Lodging: We kinda did some speciality, fun lodging that is on the higher end of travel in Colombia so I don’t have a good read on this. The a nice or unique places can be $100-150 a day in the main tourist areas which is a lot more than a $10 hostel, but also not close to the most expensive thing available.

Doing Your Research

Often trying to find reliable information online was like asking for guidance from this oracle in the Medellín bus station

I saved this for the end because this is my rant about two pieces of travel information everyone uses: traditional sources (US Government, Trip Advisor, etc.) and first hand accounts (travel bloggers).

Traditional Sources

If you’ve traveled a little you immediately find that ‘traditional sources’ of travel information are super risk averse and more prone towards stereotypes and reinforcing classic perceptions. Although Colombia (which has a “reconsider travel” advisory) has some ‘do not go to’ areas, it has a super established and popular tourism industry and is not as dangerous as Israel whom shares its rating (“reconsider travel”) and is currently at war. Along those lines, maybe Kyrgystan is not safer than the UK… (US Travel Advisories).

Similarly, despite what TripAdvisor might say, European cities are not super safe everywhere and can have a ton of problems with scams, pickpockets, etc. in tourist areas and elsewhere. Using basic travelers precautions keeps you out of trouble most places in the world. Meanwhile, these sources railroad everyone towards the same tourism circuit with often uninteresting ‘things to do’ that are generic. I didn’t come to Colombia to go to a science / discover museum… (#2 from Trip Advisor for Medellín)

First Hand Accounts

To me, travel blogs used to be authentic first hand accounts to counter the scripted press releases of governments, tourist agencies and major brands like Trip Advisor and Lonely Planet. They were places to find interesting experiences and understand the real experience of traveling in an area or doing an activity. That was until, (like Instagram) people thought, “there might be money in this.” Now the top SEO’d search results for travel to an area contain articles resembling the recipe pages listing the origin of spaghetti and philosophy of a tomato before providing me a few sentences of ingredients and instructions.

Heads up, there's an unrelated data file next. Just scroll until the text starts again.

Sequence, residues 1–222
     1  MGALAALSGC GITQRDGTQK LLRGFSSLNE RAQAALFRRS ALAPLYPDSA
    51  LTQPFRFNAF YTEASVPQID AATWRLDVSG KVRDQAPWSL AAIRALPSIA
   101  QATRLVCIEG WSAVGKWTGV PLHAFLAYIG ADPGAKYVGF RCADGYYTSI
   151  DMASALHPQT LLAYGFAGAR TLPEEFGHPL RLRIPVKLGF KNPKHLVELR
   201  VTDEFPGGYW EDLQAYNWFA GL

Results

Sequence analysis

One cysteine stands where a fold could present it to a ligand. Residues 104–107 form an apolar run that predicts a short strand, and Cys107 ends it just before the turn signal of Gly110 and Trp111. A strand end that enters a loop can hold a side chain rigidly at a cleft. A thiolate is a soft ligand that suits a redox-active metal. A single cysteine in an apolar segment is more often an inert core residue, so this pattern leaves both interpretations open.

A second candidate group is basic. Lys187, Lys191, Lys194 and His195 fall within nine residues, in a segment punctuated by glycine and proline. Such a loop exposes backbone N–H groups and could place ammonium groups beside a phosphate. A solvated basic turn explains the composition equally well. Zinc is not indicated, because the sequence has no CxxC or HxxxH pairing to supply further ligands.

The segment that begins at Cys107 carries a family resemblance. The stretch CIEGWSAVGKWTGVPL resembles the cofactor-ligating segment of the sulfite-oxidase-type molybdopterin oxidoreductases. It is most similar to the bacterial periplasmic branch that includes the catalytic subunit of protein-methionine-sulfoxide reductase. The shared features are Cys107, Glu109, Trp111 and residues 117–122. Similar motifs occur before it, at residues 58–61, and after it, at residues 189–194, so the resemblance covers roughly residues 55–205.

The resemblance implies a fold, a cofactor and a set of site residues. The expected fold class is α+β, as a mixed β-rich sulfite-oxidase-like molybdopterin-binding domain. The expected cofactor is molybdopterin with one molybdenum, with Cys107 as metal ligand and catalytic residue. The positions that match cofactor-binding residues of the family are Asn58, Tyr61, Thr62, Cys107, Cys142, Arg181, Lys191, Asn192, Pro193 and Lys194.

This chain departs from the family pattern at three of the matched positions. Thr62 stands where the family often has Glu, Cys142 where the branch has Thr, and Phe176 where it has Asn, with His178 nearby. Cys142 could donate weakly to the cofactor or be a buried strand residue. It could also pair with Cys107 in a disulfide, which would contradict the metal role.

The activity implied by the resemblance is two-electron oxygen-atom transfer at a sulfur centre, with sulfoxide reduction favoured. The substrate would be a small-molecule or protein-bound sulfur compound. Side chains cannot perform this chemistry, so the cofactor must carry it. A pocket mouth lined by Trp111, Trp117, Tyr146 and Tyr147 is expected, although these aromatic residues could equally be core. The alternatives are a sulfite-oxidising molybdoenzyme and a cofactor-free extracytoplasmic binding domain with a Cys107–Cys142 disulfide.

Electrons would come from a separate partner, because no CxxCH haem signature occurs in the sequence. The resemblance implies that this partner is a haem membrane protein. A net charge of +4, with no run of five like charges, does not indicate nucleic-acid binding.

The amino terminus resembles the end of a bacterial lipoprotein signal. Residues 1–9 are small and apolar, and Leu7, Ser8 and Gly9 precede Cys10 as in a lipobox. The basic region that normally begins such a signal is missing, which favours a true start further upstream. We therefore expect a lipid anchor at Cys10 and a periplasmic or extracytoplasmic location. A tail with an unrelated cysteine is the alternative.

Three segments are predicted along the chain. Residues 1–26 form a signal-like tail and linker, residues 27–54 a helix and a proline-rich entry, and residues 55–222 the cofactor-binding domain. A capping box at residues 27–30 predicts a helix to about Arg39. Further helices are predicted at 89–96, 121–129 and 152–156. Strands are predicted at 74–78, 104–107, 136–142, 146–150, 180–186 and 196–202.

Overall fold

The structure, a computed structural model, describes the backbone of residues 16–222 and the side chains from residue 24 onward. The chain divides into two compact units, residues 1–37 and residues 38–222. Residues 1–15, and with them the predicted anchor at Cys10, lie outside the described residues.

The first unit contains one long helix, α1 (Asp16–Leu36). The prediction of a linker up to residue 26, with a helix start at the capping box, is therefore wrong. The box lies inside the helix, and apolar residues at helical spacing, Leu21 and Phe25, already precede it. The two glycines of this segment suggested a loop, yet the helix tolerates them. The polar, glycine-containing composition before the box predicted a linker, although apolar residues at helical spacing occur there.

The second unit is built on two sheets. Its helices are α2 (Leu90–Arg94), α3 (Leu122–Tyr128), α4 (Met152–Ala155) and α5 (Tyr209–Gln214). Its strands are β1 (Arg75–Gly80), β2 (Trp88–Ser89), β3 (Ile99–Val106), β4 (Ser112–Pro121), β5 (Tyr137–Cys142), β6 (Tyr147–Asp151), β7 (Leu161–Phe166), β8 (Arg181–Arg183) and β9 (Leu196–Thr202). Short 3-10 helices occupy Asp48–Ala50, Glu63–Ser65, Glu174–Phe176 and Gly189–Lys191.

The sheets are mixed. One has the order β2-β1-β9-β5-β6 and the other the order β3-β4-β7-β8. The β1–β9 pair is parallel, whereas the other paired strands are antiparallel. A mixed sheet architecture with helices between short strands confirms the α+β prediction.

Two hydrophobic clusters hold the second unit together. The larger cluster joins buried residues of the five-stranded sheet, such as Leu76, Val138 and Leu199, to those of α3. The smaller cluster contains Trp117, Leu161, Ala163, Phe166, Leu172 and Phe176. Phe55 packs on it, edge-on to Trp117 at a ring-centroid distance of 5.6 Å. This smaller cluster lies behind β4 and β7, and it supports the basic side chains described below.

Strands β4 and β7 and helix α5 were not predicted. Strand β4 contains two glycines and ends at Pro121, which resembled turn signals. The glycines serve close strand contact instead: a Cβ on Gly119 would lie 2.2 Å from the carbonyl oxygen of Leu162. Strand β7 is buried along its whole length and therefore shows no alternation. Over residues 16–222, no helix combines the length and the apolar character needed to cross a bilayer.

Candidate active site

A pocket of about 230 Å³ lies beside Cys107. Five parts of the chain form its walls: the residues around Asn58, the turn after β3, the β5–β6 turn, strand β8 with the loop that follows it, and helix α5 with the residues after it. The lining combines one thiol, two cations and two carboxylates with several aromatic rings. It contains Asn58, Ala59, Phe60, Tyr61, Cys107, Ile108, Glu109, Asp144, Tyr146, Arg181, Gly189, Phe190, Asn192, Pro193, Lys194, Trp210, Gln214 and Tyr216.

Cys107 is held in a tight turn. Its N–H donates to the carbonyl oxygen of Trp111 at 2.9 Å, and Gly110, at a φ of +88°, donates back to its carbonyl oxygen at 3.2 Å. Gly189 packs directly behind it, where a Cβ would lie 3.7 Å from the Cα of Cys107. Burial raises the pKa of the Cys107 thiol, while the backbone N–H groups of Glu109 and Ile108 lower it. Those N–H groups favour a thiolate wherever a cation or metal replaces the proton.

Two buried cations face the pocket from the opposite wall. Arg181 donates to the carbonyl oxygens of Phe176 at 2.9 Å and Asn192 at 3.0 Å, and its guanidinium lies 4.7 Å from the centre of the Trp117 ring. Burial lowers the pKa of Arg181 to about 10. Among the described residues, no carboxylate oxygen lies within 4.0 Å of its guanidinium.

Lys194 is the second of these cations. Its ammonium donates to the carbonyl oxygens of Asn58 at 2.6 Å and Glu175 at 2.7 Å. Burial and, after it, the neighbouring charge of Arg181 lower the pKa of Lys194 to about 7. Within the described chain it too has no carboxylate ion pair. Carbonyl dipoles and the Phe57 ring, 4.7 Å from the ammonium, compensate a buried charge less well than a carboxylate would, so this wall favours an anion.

No Minca is not ‘sleepy’ or ‘off the beaten path’. No I don’t need a ‘1500 word complete guide to Santa Rita waterfall’ which is a 30 minute hike in a private park. It’s clear, but not disclosed that you wrote this story on your blog to promote this hot springs resort and were compensated in some way while given intimate access for highly staged photos with no one else there. No this is not an original, helpful account of cool stuff to do in an area that just repeats and offers referral links to Trip Advisor tours. No, you don’t throw gunpowder in Tejo, you hit gunpowder with a metal disk…have you played? No, your article and photos are not representative that this “natural waterfall” is essentially a resort built around a water fall destination.

I rarely cross the professional-personal barrier anymore on this blog, but maybe this is just reflective of the state of things in 2023 with worse Google search results and the enshitification of everything digital. Maybe it’s also infected the internet, in general. I’m not trashing these sites because I want to be #1 on google. I will never put adds on my blog. This is a passion project for me, my community and maybe a random passer-by. I am just so frustrated that I could spend forever trying to research anything for travel and still have no idea whether its authentic or just hype or even interesting before I invest a lot of time and capital deciding where to explore. Travel is not easy or quick in the developing world and every day on a limited vacation is precious. I know things are unpredictable and you can’t plan everything, but I’m also not constantly being lied to on the ground like the internet is doing to me beforehand.

I just want more of authentic experiences like this blog that helped me zero in on canyoneering in Colombia. More than ever, this last trip made it hard to find (and more frustrating figuring out) what is real before being on the ground and even during. Maybe this is the problem with being outside the hostel ecosystem? (I’m sorry accommodation, I didn’t come to Colombia to go to a vapid theme park loosely associated with coffee)

I think there are unique experiences in Colombia, but I found it hard to discover them. Its clear that ‘anyone can do it’, ‘makes a great photo’, ‘bucketlist’, ‘we think this will sell to a tourist’ travel has come to Colombia and I just had a hard time getting off the Gringo Trail